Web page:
I’m no fan of recent changes to make kindergarten more academic. I think it’s a move in the wrong direction. But now the COVID-19 pandemic has made a bad situation worse. Kindergarten should be a joyful and exciting adventure. With increased screen time, plus bans on everything from singing to sharing, it’s become something altogether different this year. Frankly, kindergarten during COVID doesn’t resemble anything I recognize as kindergarten at all.
Virtual kindergarten misses the point
When Friedrich Froebel designed the first kindergarten (literally “garden of children” in German), he imagined a place where children would be nurtured and tended like flowers by a caring adult. His educational philosophy centered around four pillars: free self-expression, creativity, social participation, and motor expression. It’s hard to imagine how any of those could be addressed in an online environment, at least not to the extent they would be in person. Plus, the purpose of kindergarten is to give kids the best possible start to their school career and encourage them to want to learn more. I just don’t see that kind of inspiration coming from behind a screen.
Kinders need hands-on help
Unfortunately, during the pandemic, in-person learning isn’t much of an improvement on virtual. In order to meet the goals of kindergarten, 5 and 6 year-olds need the close guidance of an adult, but social distancing makes that difficult. Circle time requires the proximity of the children to the teacher and the learning materials. Adjusting a little one’s pencil grip means putting your hand over theirs. Most kids this age are still learning to zip and button, and they often need an assist. And kindergarteners are an emotional bunch who often rely on a hug or a pat on the back to be able to calm down and return to the important work of learning. None of that is possible when your teacher has to stay six feet away from you.
Safety measures disrupt social-emotional learning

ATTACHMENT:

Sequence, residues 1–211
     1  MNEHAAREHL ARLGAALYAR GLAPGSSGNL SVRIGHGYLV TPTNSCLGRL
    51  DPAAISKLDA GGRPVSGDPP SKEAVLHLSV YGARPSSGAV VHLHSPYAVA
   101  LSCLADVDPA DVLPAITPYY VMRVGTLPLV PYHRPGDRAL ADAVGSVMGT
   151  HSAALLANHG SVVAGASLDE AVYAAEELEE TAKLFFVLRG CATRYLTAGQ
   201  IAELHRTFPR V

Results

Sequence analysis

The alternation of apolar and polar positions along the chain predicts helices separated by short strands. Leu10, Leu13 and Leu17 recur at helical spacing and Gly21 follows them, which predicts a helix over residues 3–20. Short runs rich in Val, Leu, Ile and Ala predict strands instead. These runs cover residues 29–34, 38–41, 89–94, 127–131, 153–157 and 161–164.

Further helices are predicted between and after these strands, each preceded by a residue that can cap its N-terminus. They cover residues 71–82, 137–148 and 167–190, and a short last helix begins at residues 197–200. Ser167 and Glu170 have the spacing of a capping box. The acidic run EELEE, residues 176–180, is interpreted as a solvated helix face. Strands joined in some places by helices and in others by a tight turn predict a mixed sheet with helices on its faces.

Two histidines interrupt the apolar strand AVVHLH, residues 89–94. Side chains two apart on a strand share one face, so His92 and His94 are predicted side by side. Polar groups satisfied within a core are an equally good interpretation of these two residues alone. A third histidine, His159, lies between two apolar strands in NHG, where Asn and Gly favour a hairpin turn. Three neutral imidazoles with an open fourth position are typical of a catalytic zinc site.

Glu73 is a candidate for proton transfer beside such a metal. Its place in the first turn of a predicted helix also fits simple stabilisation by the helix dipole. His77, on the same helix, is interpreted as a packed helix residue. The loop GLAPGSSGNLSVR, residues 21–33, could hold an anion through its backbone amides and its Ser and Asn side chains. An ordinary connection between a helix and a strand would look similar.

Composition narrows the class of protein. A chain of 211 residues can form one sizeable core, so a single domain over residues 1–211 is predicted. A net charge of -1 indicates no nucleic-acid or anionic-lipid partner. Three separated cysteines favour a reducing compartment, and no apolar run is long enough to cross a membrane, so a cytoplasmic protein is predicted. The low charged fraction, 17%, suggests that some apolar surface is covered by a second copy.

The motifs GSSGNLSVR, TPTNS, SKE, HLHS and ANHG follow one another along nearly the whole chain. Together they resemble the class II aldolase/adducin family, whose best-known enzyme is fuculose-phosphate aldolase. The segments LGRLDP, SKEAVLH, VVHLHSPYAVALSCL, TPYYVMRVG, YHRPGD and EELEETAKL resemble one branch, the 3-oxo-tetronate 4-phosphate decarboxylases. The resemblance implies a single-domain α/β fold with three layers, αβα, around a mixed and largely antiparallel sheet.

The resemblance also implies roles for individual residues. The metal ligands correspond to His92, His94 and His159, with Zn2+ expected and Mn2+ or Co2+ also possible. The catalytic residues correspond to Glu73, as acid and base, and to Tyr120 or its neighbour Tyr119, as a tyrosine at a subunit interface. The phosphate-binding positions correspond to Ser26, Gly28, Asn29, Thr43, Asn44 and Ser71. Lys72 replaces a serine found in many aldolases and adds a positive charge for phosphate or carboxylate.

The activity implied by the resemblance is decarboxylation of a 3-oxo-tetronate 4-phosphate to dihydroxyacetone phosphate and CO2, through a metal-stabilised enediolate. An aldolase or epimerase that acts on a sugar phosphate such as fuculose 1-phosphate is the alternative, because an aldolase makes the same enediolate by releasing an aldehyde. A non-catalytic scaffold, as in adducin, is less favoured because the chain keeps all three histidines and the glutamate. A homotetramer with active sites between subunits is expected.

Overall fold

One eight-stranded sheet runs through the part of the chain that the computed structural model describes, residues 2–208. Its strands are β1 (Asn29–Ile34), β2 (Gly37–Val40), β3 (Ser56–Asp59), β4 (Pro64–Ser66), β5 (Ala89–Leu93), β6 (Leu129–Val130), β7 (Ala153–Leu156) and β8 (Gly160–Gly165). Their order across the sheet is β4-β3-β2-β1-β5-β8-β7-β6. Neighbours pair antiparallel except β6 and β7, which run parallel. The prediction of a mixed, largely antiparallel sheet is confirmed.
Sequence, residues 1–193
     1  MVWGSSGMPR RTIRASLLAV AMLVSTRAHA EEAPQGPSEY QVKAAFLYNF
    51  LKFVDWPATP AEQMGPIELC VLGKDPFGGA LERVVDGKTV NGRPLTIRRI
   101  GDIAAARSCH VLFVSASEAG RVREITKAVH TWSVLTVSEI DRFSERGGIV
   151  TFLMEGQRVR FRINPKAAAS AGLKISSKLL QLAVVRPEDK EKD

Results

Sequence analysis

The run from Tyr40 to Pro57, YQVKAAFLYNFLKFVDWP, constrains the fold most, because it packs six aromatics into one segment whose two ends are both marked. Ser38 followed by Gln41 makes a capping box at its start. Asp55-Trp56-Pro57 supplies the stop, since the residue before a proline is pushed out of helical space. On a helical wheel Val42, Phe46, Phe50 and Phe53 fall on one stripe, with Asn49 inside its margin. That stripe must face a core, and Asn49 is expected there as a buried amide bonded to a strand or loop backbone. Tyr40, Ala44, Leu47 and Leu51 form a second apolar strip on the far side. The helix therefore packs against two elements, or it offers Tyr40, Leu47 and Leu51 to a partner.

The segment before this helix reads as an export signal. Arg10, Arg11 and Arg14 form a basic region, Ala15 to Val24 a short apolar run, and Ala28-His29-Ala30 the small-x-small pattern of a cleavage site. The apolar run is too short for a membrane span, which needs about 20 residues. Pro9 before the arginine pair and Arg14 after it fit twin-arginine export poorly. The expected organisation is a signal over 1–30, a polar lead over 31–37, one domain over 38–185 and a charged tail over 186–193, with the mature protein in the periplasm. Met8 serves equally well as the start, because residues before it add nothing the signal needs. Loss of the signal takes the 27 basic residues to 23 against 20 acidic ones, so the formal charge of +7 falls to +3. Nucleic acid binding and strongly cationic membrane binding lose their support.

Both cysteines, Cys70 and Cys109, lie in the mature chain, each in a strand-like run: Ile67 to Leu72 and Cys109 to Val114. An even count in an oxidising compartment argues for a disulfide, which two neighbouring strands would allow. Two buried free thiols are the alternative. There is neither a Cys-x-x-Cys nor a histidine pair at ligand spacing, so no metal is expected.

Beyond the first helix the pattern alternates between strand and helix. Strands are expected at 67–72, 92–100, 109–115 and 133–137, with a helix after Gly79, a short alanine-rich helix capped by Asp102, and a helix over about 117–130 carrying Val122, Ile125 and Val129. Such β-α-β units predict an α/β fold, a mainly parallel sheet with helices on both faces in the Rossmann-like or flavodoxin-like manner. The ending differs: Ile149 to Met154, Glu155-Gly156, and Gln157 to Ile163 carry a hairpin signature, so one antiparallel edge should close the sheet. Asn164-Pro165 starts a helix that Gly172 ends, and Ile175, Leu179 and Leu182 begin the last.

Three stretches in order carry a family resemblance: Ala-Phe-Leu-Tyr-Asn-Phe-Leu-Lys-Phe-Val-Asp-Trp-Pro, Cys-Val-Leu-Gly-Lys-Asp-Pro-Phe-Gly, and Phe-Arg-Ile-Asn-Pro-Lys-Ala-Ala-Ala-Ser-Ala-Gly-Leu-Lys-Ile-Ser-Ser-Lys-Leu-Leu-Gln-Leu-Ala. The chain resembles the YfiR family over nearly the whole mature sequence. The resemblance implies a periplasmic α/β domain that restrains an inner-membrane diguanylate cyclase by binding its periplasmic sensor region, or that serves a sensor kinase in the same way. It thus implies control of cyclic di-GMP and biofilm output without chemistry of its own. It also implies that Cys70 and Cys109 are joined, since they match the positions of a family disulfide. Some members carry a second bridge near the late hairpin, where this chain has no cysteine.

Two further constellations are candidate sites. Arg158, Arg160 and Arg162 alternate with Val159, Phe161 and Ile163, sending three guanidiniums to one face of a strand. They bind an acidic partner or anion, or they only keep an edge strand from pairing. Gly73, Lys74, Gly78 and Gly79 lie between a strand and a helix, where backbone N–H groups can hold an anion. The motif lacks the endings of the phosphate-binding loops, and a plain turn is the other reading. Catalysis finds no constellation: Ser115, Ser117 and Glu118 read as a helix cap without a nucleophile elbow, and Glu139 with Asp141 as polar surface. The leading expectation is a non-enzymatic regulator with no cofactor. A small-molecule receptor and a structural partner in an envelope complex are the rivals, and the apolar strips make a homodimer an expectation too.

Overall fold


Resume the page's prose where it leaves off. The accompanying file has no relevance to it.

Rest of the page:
Developing social skills and awareness as well as working on self-control are a big part of kindergarten learning. Because that social-emotional learning is the foundation of academic learning. How are young children supposed to learn how to cooperate, make friends, or share if they’re sitting at desks carefully spaced apart with a cubby full of their individual supplies? There’s also the issue with masks. We know they make it hard for kids to learn phonics, but they also make it difficult to learn to read another person’s emotions. I worry that we’re looking at an entire generation who may know their letters and numbers but can’t even regulate themselves, much less work with others.
I’m not arguing that these measures aren’t necessary to protect our children and prioritize public health. I also don’t want to take away from the heroic efforts of kindergarten teachers who, despite seemingly insurmountable challenges and lack of resources, have always made magic happen. But I am mourning the kindergarten of years gone by. I’m sad for this group of kids who will start their educational journeys like this. And I wish it was different.
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Plus, why kindergarten students are increasingly burned out.
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